31 Days of Oscar Blogathon – Actors – Non-Competitive, Non-Lifetime Wins

If you followed this link I know what you’re likely thinking: How many actors have been awarded Oscars that both not in a competitive category (meaning there were no nominations announced), and also not honored in a Lifetime fashion. It’s true there aren’t too many, but they are worth noting.

Some notes: Honorary Awards were once testing grounds for concepts before they were categories like Color Cinematography, Best Foreign Language Film, Best Visual Effects, Best Sound Editing, etc.

For each honoree I’ve included the Academy’s official blurb where available, and

For your edification here are the Honorary Oscars that are for an actors’ body of work over the course of their career:

2015

Maureen O’Hara on 2/22.

2014

Angela Lansbury and Steve Martin.

2013

Hal Needham

Is this the closest the Academy will get to acknowledging stunt performers?

2012

James Earl Jones

2011

Eli Wallach

AMPAS Governors Awards: Given ‘For a lifetime’s worth of indelible screen characters’.

2010

Lauren Bacall

In recognition of her central place in the Golden Age of motion pictures.

2003

Peter O’Toole

Whose remarkable talents have provided cinema history with some of its most memorable characters. (Oscar statuette)

2002

Sidney Poitier

For his extraordinary performances and unique presence on the screen and for representing the industry with dignity, style and intelligence. (Oscar statuette)

Robert Redford

Actor, director, producer, creator of Sundance, inspiration to independent and innovative filmmakers everywhere. (Oscar statuette)

Spartacus (1960, Universal)

1996

Kirk Douglas

For 50 years as a creative and moral force in the motion picture community.

1994

Deborah Kerr

An artist of impeccable grace and beauty, a dedicated actress whose motion picture career has always stood for perfection, discipline and elegance.

[Immortalized since my childhood in Brazilian singer/songwriter Rita Lee’s “Flagra.” Lyrics and audio can be found here, translations can be done on engines. ]

1991

Sophia Loren

For a career rich with memorable performances that has added permanent luster to our art form.

Myrna Loy

In recognition of her extraordinary qualities both on screen and off, with appreciation for a lifetime’s worth of indelible performances. (Oscar statuette) – Myrna Loy was not present at the awards ceremony. She gave her acceptance speech live via satellite from her Manhattan apartment.

1987

Ralph Bellamy

For his unique artistry and his distinguished service to the profession of acting.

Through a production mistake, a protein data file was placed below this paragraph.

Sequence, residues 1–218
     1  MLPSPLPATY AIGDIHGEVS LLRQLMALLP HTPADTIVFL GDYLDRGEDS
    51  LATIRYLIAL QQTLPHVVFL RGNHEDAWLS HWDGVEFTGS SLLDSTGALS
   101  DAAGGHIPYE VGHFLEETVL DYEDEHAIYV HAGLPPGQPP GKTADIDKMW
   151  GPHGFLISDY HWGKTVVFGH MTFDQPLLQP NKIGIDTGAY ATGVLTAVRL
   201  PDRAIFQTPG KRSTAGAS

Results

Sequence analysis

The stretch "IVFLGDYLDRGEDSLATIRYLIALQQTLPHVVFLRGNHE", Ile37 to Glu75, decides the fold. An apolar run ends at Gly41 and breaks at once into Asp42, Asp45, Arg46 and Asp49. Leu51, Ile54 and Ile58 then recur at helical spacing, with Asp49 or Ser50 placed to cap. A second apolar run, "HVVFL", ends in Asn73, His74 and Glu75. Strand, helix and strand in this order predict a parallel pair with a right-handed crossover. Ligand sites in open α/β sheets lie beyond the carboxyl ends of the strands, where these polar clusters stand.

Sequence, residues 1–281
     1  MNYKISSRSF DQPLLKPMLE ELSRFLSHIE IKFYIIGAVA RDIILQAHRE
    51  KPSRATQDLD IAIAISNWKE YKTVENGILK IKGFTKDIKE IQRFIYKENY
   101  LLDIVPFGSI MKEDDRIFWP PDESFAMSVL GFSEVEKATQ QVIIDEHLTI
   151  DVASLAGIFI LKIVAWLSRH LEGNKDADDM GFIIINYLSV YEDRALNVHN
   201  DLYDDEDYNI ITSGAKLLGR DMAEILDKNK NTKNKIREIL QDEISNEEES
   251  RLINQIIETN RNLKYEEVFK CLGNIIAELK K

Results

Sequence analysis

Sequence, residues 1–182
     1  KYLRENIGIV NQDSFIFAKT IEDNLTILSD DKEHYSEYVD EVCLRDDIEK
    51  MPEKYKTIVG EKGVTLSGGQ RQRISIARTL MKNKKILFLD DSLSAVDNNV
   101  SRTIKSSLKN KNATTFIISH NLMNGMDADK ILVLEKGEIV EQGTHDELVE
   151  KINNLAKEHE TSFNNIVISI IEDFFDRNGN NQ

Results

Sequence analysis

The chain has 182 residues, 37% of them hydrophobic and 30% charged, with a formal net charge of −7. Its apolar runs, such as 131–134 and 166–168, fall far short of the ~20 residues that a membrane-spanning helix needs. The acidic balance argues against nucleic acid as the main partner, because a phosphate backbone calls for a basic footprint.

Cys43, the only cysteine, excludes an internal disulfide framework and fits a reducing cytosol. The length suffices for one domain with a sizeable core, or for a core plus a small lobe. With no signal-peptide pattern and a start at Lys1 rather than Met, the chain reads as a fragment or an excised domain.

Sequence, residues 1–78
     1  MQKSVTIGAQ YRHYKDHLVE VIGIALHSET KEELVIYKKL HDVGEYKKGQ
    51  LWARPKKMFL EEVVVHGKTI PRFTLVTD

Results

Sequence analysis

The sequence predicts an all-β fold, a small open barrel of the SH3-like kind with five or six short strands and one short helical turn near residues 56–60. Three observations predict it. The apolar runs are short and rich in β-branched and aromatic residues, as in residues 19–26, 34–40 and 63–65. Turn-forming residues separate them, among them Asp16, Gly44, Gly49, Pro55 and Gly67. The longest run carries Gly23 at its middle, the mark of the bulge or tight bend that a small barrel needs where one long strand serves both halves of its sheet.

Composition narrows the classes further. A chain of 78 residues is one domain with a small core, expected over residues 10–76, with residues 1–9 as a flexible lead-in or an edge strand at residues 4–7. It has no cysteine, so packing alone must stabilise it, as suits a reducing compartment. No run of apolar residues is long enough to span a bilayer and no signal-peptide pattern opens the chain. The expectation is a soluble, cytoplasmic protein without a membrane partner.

Cool Hand Luke (1967, Warner Bros./Seven Arts)

1986

Paul Newman

In recognition of his many and memorable and compelling screen performances and for his personal integrity and dedication to his craft.

Paul Newman was not present at the awards ceremony. He gave his acceptance speech via satellite from Chicago.

1985

James Stewart

For his fifty years of memorable performances,, for his high ideals both on and off the screen, with respect and affection of his colleagues.

1983

Mickey Rooney

In recognition of his 50 years of versatility in a variety of memorable film performances.

1982

Barbara Stanwyck

For superlative creativity and unique contribution to the art of screen acting.

1981

Henry Fonda

The consummate actor, in recognition of his brilliant accomplishments and enduring contribution to the art of motion pictures.

1979

Laurence Olivier

For the full body of his work, for the unique achievements of his entire career and his lifetime of contribution to the art of film.

Tess of Storm County (1921, AMPAS)

1976

Mary Pickford

In recognition of her unique contributions to the film industry and the development of film as an artistic medium.

Mary Pickford was not present at the awards ceremony. The presentation was made at her Pickfair estate and taped for inclusion in the broadcast.

1974

Groucho Marx

In recognition of his brilliant creativity and for the unequaled achievements of the Marx Brothers in the art of motion picture comedy.

1973


Edward G. Robinson

Who achieved greatness as a player, a patron of the arts, and a dedicated citizen … in sum, a Renaissance man. From his friends in the industry he loves.

Posthumously. Robinson died 2 months before the ceremony, after the award was voted on. His widow Jane Robinson accepted the award on his behalf.

1972

Charles Chaplin

For the incalculable effect he has had in making motion pictures the art form of this century.

1971

Lillian Gish